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India sugar mills pause export deals in bet price will rise more


Sugar exporters in India are holding off signing any more export contracts, in a bet that global prices will rally further after bad weather damaged crops in top grower Brazil.

Raw sugar in New York would need to climb to 20.5 cents a pound to again attract mills from the western Maharashtra state and the southern region, Abinash Verma, director general of the Indian Sugar Mills Association, said by phone. The second-biggest sugar producer has already inked deals to ship 1.2 million tons from the next year’s crop, taking advantage of a recent rally in prices, he said.

A slower pace of sales by India, which is estimated to have almost 9 million tons in reserves next month, may heat up the global market again. Sugar futures recently reached a four-year high in New York after drought and frost hit Brazilian crops. The commodity traded at 20.04 cents a pound Wednesday.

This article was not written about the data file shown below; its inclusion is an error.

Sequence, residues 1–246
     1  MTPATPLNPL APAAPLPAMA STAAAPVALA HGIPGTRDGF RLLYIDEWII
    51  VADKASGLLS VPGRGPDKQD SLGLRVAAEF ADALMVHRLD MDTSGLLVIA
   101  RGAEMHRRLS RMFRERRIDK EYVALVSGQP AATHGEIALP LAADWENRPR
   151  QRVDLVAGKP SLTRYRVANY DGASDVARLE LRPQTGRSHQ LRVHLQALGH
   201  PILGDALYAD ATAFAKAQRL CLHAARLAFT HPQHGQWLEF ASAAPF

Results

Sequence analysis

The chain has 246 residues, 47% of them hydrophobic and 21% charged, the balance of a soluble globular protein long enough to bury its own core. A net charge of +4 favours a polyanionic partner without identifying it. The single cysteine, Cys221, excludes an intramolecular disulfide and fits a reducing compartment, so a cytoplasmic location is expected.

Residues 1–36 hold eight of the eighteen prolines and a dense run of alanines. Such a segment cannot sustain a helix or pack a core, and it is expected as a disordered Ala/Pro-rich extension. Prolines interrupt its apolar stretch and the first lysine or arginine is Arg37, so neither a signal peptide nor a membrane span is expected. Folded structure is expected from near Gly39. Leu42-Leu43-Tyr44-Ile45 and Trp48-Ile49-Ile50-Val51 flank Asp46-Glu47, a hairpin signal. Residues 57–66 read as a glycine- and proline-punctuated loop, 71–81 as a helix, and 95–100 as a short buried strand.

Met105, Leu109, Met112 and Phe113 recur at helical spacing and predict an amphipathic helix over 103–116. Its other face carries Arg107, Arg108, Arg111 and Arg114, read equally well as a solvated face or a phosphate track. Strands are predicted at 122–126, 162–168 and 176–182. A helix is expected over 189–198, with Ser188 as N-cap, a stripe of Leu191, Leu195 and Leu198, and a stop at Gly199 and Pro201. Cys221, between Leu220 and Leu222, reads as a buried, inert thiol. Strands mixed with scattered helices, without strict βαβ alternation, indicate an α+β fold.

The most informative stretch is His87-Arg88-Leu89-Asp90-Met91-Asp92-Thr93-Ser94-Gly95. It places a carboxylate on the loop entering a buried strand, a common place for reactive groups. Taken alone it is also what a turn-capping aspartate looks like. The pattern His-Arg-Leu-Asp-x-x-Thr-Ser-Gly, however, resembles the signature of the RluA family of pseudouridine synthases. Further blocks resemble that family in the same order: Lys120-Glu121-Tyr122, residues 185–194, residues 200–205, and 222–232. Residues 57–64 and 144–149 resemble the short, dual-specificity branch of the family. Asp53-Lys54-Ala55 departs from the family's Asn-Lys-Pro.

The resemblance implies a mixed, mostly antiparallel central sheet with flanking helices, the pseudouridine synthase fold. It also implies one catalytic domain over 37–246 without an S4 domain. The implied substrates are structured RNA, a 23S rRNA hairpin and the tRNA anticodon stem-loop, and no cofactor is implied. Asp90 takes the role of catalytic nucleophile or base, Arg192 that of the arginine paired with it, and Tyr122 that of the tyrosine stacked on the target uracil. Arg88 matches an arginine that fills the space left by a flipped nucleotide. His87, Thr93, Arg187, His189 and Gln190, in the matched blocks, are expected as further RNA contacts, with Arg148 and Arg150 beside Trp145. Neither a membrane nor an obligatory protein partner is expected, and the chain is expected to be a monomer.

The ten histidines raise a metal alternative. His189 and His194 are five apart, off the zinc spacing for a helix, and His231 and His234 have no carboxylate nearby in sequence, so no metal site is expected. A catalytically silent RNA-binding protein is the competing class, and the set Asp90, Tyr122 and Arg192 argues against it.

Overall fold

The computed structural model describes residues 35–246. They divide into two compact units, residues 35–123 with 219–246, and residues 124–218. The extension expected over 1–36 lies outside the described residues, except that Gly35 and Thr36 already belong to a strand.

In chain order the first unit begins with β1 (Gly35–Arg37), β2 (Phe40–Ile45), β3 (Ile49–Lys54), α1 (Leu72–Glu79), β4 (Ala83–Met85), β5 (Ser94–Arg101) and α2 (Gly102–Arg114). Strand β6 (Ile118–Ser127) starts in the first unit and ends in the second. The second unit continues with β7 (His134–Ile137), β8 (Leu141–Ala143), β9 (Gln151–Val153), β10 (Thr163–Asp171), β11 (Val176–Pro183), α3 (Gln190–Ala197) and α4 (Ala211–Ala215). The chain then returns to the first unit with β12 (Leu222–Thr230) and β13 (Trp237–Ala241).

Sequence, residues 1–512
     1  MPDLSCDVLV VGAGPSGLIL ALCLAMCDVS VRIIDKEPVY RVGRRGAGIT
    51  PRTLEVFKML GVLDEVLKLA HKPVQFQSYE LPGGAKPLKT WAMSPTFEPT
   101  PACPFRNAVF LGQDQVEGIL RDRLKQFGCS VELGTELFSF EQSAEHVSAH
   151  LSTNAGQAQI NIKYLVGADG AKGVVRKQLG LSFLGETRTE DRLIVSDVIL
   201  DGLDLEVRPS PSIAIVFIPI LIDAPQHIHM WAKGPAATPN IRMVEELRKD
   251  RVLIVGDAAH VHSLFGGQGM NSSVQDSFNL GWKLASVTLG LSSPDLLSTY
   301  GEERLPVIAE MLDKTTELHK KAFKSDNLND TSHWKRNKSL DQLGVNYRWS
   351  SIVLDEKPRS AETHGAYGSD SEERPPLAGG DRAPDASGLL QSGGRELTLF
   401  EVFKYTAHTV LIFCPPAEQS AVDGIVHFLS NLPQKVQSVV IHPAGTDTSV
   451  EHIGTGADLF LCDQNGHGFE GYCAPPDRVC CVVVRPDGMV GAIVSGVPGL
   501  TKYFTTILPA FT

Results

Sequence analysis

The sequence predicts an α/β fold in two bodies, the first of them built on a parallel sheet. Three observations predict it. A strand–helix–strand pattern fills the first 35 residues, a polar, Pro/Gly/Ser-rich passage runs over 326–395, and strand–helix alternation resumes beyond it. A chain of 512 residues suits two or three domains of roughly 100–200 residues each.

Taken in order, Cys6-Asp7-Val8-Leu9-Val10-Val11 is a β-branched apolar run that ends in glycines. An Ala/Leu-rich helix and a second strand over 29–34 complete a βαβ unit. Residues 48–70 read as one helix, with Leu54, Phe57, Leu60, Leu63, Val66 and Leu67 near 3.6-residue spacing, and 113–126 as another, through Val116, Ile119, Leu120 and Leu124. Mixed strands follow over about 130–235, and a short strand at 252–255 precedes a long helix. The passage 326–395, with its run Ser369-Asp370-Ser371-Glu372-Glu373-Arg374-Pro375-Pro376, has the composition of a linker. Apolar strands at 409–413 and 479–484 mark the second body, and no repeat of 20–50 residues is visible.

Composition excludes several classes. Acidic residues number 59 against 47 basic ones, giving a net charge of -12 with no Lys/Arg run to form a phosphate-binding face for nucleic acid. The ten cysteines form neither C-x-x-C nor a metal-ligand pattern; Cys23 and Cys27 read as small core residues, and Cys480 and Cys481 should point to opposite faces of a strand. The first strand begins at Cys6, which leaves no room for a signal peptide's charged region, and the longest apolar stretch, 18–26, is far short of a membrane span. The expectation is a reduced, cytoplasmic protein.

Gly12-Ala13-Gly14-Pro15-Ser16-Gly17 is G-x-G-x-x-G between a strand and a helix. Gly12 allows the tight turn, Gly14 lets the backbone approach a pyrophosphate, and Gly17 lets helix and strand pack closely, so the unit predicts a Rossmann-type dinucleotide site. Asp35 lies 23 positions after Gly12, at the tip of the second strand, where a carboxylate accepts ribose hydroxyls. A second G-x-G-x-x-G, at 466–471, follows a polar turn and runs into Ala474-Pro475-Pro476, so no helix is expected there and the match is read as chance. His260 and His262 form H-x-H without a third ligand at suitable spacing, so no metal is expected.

Indian exporters are expecting that global prices will advance further, Verma said. “They are waiting for an opportune moment to sign further contracts,” he said Wednesday. World sugar prices may also get support from higher crude oil prices as millers in Brazil may be encouraged to divert more cane to produce ethanol, Verma said.

Factories in northern India, including top grower Uttar Pradesh, will be ready to ship if global prices rise to 21.5 cents, Verma said. India is estimated to export about 7 million tons of sugar this season, mostly with the help of subsidies. Any financial help for the next year, if the government decides, will be announced later.

“Signing of new export contracts have slowed down also because of a recent increase in domestic prices,” said Adhir Jha, chief executive officer and managing director of Indian Sugar Exim Corp.

Shipments will pick up from late October, when crushing for the new season starts, as there will be pressure on mills to sell, Jha said. The government may intervene and ask mills to sell more in the local market if prices at factory gates continue to rise, he said. The government controls sale of sugar in the domestic market.

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